Does Gingrich actually want to be President?
By Ben Adler
The opinions expressed are his own.
There is a well-established template for a politician who has ascended to the pinnacle of national politics, tumbled off of it, and wants to return to run for president. You get out of Washington. You occupy yourself in private or charitable endeavors, maybe write anodyne books and studiously avoid making controversial proclamations that might come back to haunt you.
Richard Nixon, after losing his 1960 presidential bid and his ill-advised 1962 run for Governor of California followed this script and was elected in 1968. But former House Speaker Newt Gingrich, who recently announced his candidacy for president, hasn’t merely detoured from this path in recent years, he’s gone completely in the other direction. In fact, everything he has done since he was Speaker suggests he never planned to run for president, and he hasn’t made the appropriate preparations.
After Gingrich famously miscalculated and cost his party seats in the 1998 midterms by impeaching Bill Clinton for a brief episode of philandering, Gingrich left his own wife — who had just been diagnosed with multiple sclerosis — for his mistress. That was his first mistake; well, actually his second, since he had previously left his first wife while she was in the hospital with cancer for his second wife. (Gingrich’s personal history was the subject of a devastating profile in Esquire last year.)
Gingrich had over a decade before his presidential run to come up with a plausible apology, defense, excuse or explanation for his behavior, and he doesn’t appear to have bothered doing so. Instead, when recently asked about his adultery Gingrich claimed that cheating was the inevitable consequence of working too hard because of “how passionately I felt about this country.”
His ineptitude at explaining his love life is but one example. Gingrich stayed inside the Beltway and sought influence through think tanks and political action committees. His American Solutions group has competed with major conservative groups for attention and donations, weakening his campaign’s base of support among them. “He burned a lot of bridges,” Richard Viguerie, a leading conservative activist and fundraiser told TPM on Monday.
Meanwhile, he has lived like the consummate Washington insider. That probably won’t help him in, say, the South Carolina primary. Gingrich knows that, which is why he claimed Monday, in his 36th appearance at a breakfast meeting of the Christian Science Monitor, that he is “people’s candidate, not the capital’s candidate,” and he is not a “Washington figure.”
That’s a hard sell when your wife was working in Congress as recently as 2007. It’s because of Callista Gingrich’s job, and the attendant government-employment disclosure forms, that we recently learned Newt owed between $250,001 and $500,000 to the Tiffany’s jewelry store in 2006. This creates three negative impressions: that he lives a lavish life, that he cannot manage his money and that he may have been buying jewelry for yet another mistress. Had Gingrich planned on running for president, and acted shrewdly, he could have helped Callista leave Congress for a non-profit sinecure that wouldn’t require such detailed financial disclosure. The Gingrich campaign was completely unprepared for the Tiffany’s revelation: when Politico broke the story his spokesman simply declined to comment.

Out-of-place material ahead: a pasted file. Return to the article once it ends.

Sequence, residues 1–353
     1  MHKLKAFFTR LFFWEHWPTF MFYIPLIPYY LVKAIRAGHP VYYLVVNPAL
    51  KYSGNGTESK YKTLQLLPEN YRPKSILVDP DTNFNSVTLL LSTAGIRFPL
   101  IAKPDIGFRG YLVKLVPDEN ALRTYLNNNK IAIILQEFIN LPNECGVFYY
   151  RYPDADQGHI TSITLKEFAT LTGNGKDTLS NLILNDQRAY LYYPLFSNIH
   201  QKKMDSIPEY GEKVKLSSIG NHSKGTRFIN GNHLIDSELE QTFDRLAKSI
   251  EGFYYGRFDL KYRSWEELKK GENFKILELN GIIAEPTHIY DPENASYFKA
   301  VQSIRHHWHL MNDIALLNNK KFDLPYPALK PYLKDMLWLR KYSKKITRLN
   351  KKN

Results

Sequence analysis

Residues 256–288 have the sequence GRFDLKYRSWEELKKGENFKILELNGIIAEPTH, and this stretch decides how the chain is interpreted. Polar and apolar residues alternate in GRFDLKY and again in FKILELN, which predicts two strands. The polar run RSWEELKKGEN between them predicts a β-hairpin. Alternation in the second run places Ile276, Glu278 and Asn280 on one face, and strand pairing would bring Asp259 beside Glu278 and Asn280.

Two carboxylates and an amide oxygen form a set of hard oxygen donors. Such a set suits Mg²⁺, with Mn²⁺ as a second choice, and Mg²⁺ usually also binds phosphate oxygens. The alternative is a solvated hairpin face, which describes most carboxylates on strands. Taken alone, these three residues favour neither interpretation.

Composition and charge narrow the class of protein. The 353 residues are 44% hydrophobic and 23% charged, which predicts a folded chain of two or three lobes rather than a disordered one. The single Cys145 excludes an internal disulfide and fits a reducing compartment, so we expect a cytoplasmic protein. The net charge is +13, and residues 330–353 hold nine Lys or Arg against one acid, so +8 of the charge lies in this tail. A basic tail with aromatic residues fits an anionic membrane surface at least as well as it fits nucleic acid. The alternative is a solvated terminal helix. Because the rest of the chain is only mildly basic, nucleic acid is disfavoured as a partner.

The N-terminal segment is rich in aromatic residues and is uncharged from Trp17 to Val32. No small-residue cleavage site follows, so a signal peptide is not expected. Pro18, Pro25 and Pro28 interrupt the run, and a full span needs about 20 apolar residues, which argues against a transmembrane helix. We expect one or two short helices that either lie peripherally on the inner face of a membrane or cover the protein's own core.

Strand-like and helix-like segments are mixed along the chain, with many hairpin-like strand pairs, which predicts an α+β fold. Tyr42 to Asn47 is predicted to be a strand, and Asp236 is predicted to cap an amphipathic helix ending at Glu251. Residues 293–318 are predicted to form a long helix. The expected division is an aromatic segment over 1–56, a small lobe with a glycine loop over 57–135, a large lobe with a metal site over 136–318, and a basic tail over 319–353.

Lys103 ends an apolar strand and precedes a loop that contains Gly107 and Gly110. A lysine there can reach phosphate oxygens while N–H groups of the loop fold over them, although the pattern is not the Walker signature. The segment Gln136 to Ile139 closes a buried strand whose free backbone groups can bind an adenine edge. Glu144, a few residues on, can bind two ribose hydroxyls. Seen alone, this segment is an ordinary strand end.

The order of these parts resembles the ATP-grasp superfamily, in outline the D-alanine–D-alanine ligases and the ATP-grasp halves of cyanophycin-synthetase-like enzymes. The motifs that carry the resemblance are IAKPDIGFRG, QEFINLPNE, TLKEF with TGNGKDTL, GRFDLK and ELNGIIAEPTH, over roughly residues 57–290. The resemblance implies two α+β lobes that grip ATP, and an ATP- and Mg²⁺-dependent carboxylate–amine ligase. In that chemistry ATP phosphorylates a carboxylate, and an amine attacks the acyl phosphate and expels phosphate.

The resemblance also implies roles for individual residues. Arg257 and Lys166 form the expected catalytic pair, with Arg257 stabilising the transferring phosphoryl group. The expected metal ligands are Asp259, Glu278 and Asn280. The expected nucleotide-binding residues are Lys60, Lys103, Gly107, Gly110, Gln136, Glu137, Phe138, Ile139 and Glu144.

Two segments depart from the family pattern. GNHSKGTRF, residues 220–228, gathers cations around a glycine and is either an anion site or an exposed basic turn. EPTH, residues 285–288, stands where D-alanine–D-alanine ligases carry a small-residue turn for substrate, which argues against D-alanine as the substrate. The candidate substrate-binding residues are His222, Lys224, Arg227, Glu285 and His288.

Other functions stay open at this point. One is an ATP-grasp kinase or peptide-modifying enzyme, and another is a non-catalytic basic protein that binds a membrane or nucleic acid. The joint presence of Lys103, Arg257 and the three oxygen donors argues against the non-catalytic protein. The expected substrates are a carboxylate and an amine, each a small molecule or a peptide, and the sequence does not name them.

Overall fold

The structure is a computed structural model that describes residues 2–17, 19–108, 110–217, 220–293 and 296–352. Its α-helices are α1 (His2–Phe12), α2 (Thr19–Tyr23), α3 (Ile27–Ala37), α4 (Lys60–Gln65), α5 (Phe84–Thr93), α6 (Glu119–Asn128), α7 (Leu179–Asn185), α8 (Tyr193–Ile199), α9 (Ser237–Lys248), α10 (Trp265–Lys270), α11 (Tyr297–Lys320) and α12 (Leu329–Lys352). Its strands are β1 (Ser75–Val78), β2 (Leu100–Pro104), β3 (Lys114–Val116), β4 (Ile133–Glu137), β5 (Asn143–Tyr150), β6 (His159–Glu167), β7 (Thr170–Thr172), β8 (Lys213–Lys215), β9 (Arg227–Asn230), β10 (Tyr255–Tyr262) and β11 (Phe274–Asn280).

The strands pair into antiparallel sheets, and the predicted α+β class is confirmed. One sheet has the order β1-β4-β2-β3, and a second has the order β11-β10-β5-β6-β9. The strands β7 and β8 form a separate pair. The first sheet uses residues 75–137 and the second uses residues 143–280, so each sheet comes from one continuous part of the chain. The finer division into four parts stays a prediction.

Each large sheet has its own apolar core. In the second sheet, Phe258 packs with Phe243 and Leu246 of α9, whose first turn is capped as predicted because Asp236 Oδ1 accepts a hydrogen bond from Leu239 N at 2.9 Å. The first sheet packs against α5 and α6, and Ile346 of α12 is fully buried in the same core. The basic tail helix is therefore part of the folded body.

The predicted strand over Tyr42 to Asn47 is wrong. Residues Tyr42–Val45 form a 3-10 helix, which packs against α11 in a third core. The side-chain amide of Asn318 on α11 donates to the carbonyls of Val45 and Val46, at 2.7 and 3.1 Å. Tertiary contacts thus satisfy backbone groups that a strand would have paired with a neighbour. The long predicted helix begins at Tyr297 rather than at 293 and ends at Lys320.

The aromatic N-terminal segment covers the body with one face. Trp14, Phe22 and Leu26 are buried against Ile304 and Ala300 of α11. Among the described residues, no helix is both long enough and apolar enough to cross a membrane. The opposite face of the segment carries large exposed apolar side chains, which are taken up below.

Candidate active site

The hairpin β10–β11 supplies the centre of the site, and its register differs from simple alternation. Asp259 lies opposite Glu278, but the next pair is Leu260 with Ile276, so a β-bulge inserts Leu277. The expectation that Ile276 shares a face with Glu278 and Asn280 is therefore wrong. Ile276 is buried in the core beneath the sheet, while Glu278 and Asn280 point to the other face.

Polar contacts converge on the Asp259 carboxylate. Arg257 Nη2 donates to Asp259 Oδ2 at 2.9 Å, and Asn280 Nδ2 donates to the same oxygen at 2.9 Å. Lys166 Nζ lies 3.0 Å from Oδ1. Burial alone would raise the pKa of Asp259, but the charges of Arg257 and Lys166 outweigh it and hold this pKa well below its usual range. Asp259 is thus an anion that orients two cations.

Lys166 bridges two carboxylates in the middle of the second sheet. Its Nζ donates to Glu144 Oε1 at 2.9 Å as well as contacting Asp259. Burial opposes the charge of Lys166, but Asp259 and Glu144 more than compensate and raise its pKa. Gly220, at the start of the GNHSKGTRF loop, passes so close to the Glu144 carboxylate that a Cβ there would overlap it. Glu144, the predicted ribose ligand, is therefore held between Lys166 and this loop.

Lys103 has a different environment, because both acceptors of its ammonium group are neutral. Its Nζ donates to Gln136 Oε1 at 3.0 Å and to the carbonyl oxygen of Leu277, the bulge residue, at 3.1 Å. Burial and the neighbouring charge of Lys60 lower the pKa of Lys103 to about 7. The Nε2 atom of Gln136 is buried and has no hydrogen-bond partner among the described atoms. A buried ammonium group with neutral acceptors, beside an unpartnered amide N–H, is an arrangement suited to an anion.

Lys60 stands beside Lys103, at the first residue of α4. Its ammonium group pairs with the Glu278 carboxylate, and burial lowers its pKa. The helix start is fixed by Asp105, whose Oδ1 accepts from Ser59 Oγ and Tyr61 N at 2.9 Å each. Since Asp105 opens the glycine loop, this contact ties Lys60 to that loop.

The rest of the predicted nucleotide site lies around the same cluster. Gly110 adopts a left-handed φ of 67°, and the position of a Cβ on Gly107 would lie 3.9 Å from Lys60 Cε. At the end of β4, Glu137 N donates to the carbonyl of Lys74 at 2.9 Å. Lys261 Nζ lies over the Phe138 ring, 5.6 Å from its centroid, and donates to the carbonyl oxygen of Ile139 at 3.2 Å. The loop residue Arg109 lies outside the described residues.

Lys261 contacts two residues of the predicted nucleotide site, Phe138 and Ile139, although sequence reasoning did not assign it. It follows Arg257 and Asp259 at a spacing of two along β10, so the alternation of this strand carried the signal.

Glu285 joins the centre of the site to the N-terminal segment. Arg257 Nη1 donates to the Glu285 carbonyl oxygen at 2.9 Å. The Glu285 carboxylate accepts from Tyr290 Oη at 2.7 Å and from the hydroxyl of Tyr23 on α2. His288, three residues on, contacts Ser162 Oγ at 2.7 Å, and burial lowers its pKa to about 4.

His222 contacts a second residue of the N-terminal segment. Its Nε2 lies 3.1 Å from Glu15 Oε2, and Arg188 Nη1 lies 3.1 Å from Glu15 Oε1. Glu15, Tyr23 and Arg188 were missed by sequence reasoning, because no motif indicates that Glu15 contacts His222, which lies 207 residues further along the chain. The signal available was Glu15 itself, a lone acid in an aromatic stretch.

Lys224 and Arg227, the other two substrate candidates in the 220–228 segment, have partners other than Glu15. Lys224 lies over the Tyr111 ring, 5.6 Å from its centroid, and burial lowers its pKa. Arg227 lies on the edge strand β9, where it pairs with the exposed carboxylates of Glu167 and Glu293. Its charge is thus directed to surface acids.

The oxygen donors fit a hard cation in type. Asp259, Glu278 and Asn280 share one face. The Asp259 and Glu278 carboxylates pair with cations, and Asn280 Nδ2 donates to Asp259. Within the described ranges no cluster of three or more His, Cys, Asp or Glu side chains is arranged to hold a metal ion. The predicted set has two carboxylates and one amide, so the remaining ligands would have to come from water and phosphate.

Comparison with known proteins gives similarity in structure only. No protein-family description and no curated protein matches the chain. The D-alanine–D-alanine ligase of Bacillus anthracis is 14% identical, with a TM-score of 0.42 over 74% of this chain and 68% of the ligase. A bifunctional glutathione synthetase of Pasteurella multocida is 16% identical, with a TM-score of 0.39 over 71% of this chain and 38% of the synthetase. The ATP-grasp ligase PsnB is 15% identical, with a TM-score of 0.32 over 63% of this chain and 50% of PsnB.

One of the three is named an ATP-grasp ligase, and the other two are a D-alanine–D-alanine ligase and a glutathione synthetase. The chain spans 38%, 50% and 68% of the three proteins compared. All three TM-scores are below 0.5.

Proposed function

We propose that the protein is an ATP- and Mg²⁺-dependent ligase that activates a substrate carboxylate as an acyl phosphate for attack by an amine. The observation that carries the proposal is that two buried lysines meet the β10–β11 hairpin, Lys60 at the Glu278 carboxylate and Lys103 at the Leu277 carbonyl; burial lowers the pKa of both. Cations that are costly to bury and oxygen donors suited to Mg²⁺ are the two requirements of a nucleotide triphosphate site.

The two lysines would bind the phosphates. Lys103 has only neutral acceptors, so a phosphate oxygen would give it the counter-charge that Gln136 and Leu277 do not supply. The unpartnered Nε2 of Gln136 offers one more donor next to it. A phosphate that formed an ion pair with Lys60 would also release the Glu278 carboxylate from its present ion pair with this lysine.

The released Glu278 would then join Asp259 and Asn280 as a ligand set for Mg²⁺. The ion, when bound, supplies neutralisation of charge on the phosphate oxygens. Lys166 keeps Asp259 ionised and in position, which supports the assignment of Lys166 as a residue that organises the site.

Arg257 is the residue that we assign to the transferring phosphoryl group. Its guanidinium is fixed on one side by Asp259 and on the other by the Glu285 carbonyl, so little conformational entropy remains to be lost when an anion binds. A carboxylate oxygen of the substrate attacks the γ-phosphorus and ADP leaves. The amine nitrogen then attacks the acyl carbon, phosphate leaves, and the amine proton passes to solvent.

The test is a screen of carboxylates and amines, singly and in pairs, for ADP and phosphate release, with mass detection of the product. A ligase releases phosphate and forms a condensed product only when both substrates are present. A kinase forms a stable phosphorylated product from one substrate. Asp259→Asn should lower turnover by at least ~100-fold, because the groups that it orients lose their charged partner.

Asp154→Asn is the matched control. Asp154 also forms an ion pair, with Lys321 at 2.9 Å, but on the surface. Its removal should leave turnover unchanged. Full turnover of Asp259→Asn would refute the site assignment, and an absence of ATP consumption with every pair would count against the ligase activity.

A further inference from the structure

Most dubiously, Gingrich signed a contributor contract with Fox News, which virtually guaranteed that he would put his foot in his mouth at some point. When Sarah Palin and Mike Huckabee took similar contracts, it was viewed, correctly, as a sign they were more interested in making money than running for president. Being a talking head is no way to appear presidential, even if you are more circumspect in what you say than Gingrich is.
Gingrich has made a habit of saying and writing strident things he may come to regret. Among the highlights:
–Opining that President Obama may subscribe to a “Kenyan, anti-colonial” worldview.
–Saying Obama is “dictatorial.”
-Writing a book titled “To Save America: Stopping Obama’s Secular-Socialist Machine.”
While this sort of aggressive culture war-mongering could make Gingrich radioactive to swing voters in the general election, his penchant for piping up on every policy issue has damaged his credibility among the Republican base. In 2007 Gingrich supported a cap and trade system to reduce greenhouse gas emissions. (He switched sides in time for the 2009 vote on it in Congress.) Gingrich is also a former supporter of an individual mandate to buy health insurance as part of health care reform and he barnstormed the country with Al Sharpton supporting Obama’s education reform agenda. Of course, in 1994 Gingrich wanted to abolish the Department of Education itself.
Three decades of making dramatic public pronouncements can leave you with a long record of gaffes and flip-flops. If Gingrich had been preparing for a presidential run he not only might have cut out this habit before getting in the race, he certainly would have restrained himself from going on “Meet the Press” on May 15 and harshly criticizing the House Republican budget plan as “social engineering” before backtracking with a grandiose press release. Gingrich’s defense of his gaffe is that he was set up by the “gotcha press.” Given what it takes to run for president, that sounds like Gingrich confessing that he isn’t ready for prime time.